The Ziegler–Nichols tuning method is a heuristic method of tuning a PID controller. It was developed by John G. Ziegler and Nathaniel B. Nichols. It is performed by setting the I (integral) and D (derivative) gains to zero. The 'P' (proportional) gain, Kp{displaystyle K_{p}} is then increased (from zero) until it reaches the ultimate gainKu{displaystyle K_{u}}, which is the largest gain at which the output of the control loop has stable and consistent oscillations; higher gains than the ultimate gain Ku{displaystyle K_{u}} have diverging oscillation. Ku{displaystyle K_{u}} and the oscillation period Tu{displaystyle T_{u}} are then used to set the P, I, and D gains depending on the type of controller used and behaviour desired:

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Ziegler–Nichols method[1]
Control TypeKp{displaystyle K_{p}}Ti{displaystyle T_{i}}Td{displaystyle T_{d}}Ki{displaystyle K_{i}}Kd{displaystyle K_{d}}
P0.5Ku{displaystyle 0.5K_{u}}
PI0.45Ku{displaystyle 0.45K_{u}}Tu/1.2{displaystyle T_{u}/1.2}0.54Ku/Tu{displaystyle 0.54K_{u}/T_{u}}
PD0.8Ku{displaystyle 0.8K_{u}}Tu/8{displaystyle T_{u}/8}KuTu/10{displaystyle K_{u}T_{u}/10}
classic PID[2]0.6Ku{displaystyle 0.6K_{u}}Tu/2{displaystyle T_{u}/2}Tu/8{displaystyle T_{u}/8}1.2Ku/Tu{displaystyle 1.2K_{u}/T_{u}}3KuTu/40{displaystyle 3K_{u}T_{u}/40}
Pessen Integral Rule[2]7Ku/10{displaystyle 7K_{u}/10}2Tu/5{displaystyle 2T_{u}/5}3Tu/20{displaystyle 3T_{u}/20}1.75Ku/Tu{displaystyle 1.75K_{u}/T_{u}}21KuTu/200{displaystyle 21K_{u}T_{u}/200}
some overshoot[2]Ku/3{displaystyle K_{u}/3}Tu/2{displaystyle T_{u}/2}Tu/3{displaystyle T_{u}/3}0.666Ku/Tu{displaystyle 0.666K_{u}/T_{u}}KuTu/9{displaystyle K_{u}T_{u}/9}
no overshoot[2]Ku/5{displaystyle K_{u}/5}Tu/2{displaystyle T_{u}/2}Tu/3{displaystyle T_{u}/3}(2/5)Ku/Tu{displaystyle (2/5)K_{u}/T_{u}}KuTu/15{displaystyle K_{u}T_{u}/15}

The ultimate gain (Ku){displaystyle (K_{u})} is defined as 1/M, where M = the amplitude ratio, Ki=Kp/Ti{displaystyle K_{i}=K_{p}/T_{i}} and Kd=KpTd{displaystyle K_{d}=K_{p}T_{d}}.

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Point for improving the performance of PID controllers. It offers an introduction to both the art and the science behind process control and PID controller tuning. Included are basic terminology, steps for analyzing process dynamics, methods for determining model parameters, and other valuable insights. With these fundamentals we.

These 3 parameters are used to establish the correction u(t){displaystyle u(t)} from the error e(t){displaystyle e(t)} via the equation:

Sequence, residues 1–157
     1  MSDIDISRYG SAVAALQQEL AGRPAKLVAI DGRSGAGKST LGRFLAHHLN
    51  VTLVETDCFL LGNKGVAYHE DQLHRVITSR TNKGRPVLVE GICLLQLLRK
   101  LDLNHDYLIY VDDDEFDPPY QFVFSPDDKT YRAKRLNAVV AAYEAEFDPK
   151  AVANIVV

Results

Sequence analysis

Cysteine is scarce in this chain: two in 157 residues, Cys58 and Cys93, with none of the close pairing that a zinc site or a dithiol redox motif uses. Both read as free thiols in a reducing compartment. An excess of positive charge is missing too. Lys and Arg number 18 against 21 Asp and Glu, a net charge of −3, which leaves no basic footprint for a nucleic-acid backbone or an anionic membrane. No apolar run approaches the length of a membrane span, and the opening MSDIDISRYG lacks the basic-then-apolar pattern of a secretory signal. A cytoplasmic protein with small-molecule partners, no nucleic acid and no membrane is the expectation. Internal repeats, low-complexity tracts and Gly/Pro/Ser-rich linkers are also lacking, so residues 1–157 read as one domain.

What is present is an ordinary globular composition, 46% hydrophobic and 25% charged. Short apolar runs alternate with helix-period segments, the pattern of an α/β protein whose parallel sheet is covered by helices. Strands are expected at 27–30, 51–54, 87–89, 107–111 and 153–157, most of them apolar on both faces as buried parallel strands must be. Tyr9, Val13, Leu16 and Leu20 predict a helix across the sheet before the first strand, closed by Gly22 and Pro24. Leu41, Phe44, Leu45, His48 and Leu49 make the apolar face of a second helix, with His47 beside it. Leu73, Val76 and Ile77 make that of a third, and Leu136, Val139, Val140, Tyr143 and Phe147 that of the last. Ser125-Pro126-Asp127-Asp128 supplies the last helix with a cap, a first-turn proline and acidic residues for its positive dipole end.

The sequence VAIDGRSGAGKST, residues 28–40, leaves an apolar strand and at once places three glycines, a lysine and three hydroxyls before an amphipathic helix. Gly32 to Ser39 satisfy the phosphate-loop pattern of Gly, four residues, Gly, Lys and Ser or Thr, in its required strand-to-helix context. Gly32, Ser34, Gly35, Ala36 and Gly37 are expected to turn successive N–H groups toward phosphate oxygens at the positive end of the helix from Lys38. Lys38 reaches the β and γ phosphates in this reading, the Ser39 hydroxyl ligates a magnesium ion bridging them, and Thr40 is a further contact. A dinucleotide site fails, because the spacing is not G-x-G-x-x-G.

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u(t)=Kp(e(t)+1Ti0te(τ)dτ+Tdde(t)dt){displaystyle u(t)=K_{p}left(e(t)+{frac {1}{T_{i}}}int _{0}^{t}e(tau ),dtau +T_{d}{frac {de(t)}{dt}}right)}

How boot camp for mac works. which has the following transfer function relationship between error and controller output:

u(s)=Kp(1+1Tis+Tds)e(s)=Kp(TdTis2+Tis+1Tis)e(s){displaystyle u(s)=K_{p}left(1+{frac {1}{T_{i}s}}+T_{d}sright)e(s)=K_{p}left({frac {T_{d}T_{i}s^{2}+T_{i}s+1}{T_{i}s}}right)e(s)}

Evaluation[edit]

The Ziegler–Nichols tuning (represented by the 'Classic PID' equations in the table above) creates a 'quarter wave decay'. This is an acceptable result for some purposes, but not optimal for all applications.

This tuning rule is meant to give PID loops best disturbance rejection.[2]

It yields an aggressive gain and overshoot[2] – some applications wish to instead minimize or eliminate overshoot, and for these this method is inappropriate. In this case, the equations from the row labelled 'no overshoot' can be used to compute appropriate controller gains.

Loop

References[edit]

  1. ^Ziegler, J.G & Nichols, N. B. (1942). 'Optimum settings for automatic controllers'(PDF). Transactions of the ASME. 64: 759–768.Cite journal requires journal= (help)
  2. ^ abcdefZiegler–Nichols Tuning Rules for PID, Microstar Laboratories
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  • Bequette, B. Wayne. Process Control: Modeling, Design, and Simulation. Prentice Hall PTR, 2010. [1]
  • Co, Tomas; Michigan Technological University (February 13, 2004). 'Ziegler–Nichols Closed Loop Tuning'. Retrieved 2007-06-24.


External links[edit]


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